readily ascertainable market values.

c. The Intermediate Fund invested in subprime products, that is, securities

backed by mortgage loans to borrowers with poor credit. In March 2007,

when Morgan Keegan knew market conditions were affecting the fund, 13.5

percent of the Intermediate Fund portfolio’s assets were invested in subprime

products.

d. By October 2007, over 66 percent of the Intermediate Fund’s investments

were illiquid.

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B. Morgan Keegan Sold the Intermediate Fund Using Sales Materials That
Misleadingly Portrayed the Fund as Low Risk and Conservative and
Failed to Disclose Material Risks

15. To sell the Intermediate Fund, Morgan Keegan widely distributed written

materials to investors that conveyed that the fund was low risk and conservative, failed to

disclose material risks, and were otherwise misleading. The firm prepared and distributed its

own materials (e.g., Preferred Fund Profiles) in addition to distributing materials prepared by

MAM (e.g., advertising slicks).

16. All of the Intermediate Fund slicks and profiles issued and in effect during the

relevant period failed to disclose the following information, which was material in light of

Morgan Keegan’s overall portrayal of the fund as safe and conservative:

a. the risks associated with investing in structured products;

b. that the Intermediate Fund was substantially invested in the subordinated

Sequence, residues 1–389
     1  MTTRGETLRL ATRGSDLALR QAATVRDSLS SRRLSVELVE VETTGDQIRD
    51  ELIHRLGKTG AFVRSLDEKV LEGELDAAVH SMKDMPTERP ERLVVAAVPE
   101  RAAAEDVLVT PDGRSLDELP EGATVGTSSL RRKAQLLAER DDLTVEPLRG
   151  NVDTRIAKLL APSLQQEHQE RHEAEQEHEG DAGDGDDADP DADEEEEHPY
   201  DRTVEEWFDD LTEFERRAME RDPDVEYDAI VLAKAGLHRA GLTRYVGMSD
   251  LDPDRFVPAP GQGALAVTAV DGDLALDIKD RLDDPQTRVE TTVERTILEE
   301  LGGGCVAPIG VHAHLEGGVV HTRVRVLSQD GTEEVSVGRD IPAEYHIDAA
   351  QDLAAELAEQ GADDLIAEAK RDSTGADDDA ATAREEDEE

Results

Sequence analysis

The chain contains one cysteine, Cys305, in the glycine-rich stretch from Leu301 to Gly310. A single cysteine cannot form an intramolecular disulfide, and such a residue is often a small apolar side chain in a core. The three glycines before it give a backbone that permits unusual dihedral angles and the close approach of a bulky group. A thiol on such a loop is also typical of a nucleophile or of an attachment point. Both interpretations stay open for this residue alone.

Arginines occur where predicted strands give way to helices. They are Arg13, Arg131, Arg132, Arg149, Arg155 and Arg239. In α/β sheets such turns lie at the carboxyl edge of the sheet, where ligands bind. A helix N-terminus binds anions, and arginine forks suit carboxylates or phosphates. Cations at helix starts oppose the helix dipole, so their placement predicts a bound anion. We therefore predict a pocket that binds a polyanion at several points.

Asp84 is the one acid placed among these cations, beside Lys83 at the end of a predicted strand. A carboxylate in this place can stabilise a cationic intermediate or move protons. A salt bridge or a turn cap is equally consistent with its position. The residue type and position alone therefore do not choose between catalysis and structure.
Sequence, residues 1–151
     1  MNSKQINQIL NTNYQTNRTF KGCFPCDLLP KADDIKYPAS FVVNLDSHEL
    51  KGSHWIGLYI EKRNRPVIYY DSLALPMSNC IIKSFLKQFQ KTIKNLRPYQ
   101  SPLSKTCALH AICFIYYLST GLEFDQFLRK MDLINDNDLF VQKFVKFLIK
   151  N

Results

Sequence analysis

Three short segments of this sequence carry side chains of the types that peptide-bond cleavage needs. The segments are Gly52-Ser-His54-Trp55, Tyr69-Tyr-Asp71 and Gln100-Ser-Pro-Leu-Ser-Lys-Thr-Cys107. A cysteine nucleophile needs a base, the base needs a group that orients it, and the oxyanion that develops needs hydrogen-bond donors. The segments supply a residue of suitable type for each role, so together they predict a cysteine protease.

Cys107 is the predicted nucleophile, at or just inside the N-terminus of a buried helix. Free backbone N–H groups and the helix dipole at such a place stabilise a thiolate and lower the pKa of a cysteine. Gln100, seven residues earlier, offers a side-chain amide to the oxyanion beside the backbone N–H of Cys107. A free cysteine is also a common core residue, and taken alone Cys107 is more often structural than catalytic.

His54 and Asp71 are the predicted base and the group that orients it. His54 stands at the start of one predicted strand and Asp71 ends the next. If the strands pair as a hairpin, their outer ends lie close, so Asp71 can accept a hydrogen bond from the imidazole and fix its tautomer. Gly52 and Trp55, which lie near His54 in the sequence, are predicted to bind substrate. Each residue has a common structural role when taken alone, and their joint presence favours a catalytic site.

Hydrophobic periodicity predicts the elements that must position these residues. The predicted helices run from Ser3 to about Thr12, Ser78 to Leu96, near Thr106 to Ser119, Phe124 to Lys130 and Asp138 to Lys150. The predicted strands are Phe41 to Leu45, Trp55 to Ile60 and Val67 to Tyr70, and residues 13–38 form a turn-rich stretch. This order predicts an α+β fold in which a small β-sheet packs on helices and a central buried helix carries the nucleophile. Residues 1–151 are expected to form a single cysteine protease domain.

tranches of various structured products;

c. the risks associated with investing in subordinated tranches of structured

products;

d. that the Intermediate Fund was substantially invested in subprime products;

and

e. that the Intermediate Fund’s strategy relied heavily upon structured products

to obtain returns exceeding its benchmark.

17. Morgan Keegan was aware that it had provided inadequate disclosure to both

customers and its own sales force. In a May 15, 2007 private e-mail from GS, the Director of

Investments, to a Morgan Keegan broker, GS acknowledged the firm’s failure:

What worries me about this bond fund is the tracking error and the potential risks
associated with all that asset-backed exposure. Mr. & Mrs. Jones don’t expect

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that kind of risk from their bond funds. The bond exposure is not supposed to be
where you take risks. I’d bet that most of the people who hold that fund have no
idea what’s [sic] it’s actually invested in. I’m just as sure that most of our FAs
have no idea what’s in that fund either.

If people are using [the Intermediate Fund] as their core, or only bond fund, I
think it’s only a matter of time before we have some very unhappy investors.

(Emphasis added.)

18. On numerous occasions, Morgan Keegan sold the Intermediate Fund to investors

as their only bond fund, and the collapse of the Intermediate Fund led hundreds of investors to

file arbitrations against the firm.

i. Advertising Slicks Misrepresented the Intermediate Fund’s


Objectives, Diversification and Risks

19. During the relevant period, Morgan Keegan regularly distributed to retail

customers misleading sales material regarding the Intermediate Fund internally referred to as

advertising “slicks.” The slicks were provided in hard copy to FAs to distribute to customers and

publicly available on MAM’s website, mkfunds.com.

20. The slicks distributed during the relevant period were prepared quarterly and

delineated by consecutive “volume” numbers. Volumes 20 (data as of December 31, 2005)

through 26 (data as of June 30, 2007) were substantially identical except for current financial

information (collectively, the “advertising slicks”).